The presence or absence of the jury for the election, however, is not dispositive. Even if the jury had been present, the State's announcement of its election was not the equivalent of a written court instruction telling the jury to limit its consideration to the elected act when determining guilt or innocence. We do not require the jury to discern the legal effect of the State's election. As we discussed above, such discernment is the proper function of the trial court. We conclude the presence or absence of the jury during the State's election in this case did not affect the trial court's failure to instruct the jury properly on the legal effect of that election.
Harm Under the Phillips Principles
Duffey asserts none of the four Phillips principles were served in this case. We address the four Phillips principles in turn.
Admission and Use of Extraneous Evidence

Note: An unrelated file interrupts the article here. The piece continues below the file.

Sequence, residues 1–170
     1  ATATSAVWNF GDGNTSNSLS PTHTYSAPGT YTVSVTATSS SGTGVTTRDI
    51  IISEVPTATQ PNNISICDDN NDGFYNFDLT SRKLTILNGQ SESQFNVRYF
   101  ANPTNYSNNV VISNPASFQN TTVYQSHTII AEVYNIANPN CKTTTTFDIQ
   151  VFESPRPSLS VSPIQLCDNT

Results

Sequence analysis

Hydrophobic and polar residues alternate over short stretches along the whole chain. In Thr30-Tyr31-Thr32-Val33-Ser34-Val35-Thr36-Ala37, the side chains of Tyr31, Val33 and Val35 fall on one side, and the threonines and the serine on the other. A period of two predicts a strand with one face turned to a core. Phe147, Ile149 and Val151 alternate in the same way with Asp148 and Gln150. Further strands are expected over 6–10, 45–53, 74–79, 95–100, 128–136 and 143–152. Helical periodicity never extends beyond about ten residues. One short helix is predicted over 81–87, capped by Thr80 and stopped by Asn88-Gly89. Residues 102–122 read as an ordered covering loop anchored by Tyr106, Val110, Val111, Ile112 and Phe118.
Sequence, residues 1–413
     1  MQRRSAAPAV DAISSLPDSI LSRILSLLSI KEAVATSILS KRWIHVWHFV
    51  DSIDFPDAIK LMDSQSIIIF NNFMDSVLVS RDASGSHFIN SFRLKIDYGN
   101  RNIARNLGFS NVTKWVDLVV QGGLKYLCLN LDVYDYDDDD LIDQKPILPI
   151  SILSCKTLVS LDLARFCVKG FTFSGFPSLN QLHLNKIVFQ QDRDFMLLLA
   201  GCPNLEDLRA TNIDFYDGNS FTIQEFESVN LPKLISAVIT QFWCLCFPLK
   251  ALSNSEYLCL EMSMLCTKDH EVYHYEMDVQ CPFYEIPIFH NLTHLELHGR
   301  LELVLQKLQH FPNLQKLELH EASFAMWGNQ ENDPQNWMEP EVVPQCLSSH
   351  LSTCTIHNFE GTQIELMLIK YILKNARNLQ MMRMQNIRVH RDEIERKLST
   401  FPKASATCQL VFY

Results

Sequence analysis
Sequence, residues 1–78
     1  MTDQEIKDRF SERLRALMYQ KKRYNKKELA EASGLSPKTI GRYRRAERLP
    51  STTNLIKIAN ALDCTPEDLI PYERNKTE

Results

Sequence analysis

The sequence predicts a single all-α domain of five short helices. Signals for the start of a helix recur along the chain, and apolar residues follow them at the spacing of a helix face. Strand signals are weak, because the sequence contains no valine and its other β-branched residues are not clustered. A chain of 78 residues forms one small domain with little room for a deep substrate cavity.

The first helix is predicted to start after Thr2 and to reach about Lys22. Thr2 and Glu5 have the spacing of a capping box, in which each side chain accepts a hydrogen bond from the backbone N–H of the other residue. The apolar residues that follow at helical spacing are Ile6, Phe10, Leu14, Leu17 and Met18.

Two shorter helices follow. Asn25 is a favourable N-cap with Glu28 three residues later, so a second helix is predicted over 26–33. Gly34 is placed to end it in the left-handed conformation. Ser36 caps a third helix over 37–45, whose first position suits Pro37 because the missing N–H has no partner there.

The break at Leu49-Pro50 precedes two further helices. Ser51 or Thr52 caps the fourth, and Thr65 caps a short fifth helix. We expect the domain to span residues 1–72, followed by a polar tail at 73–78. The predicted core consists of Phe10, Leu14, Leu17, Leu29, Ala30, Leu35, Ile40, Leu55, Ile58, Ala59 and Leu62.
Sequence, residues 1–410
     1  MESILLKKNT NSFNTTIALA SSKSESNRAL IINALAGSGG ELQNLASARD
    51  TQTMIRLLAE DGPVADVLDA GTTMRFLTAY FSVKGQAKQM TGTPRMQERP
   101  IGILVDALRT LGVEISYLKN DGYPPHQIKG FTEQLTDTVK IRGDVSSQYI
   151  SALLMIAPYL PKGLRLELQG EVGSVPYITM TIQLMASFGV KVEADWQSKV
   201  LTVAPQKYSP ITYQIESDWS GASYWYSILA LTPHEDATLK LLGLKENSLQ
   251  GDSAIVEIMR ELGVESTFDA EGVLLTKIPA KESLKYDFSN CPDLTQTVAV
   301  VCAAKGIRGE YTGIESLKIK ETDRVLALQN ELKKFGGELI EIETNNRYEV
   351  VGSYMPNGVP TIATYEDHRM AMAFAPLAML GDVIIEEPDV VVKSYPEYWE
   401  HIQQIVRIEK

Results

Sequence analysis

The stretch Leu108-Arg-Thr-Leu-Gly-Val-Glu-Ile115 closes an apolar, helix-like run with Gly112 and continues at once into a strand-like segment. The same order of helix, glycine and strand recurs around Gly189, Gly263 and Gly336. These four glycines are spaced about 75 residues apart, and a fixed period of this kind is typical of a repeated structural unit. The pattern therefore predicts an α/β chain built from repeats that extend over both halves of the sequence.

Duffey's primary argument is that-given the trial court's failure to instruct the jury on the elected offense-the State was able to use the cumulative effect of testimony concerning extraneous offenses to obtain the conviction. Duffey stresses the “graphic and explicit” nature of the offenses A.B. described, especially the oral assaults which were clearly extraneous offenses. He complains the State's closing argument encouraged the jury to convict based on the pattern of offenses rather than on the single elected offense. We understand this argument to implicate both the first and second Phillips principles, i.e., admission of extraneous evidence and using evidence of multiple offenses to obtain a conviction without sufficient proof of the single charged offense.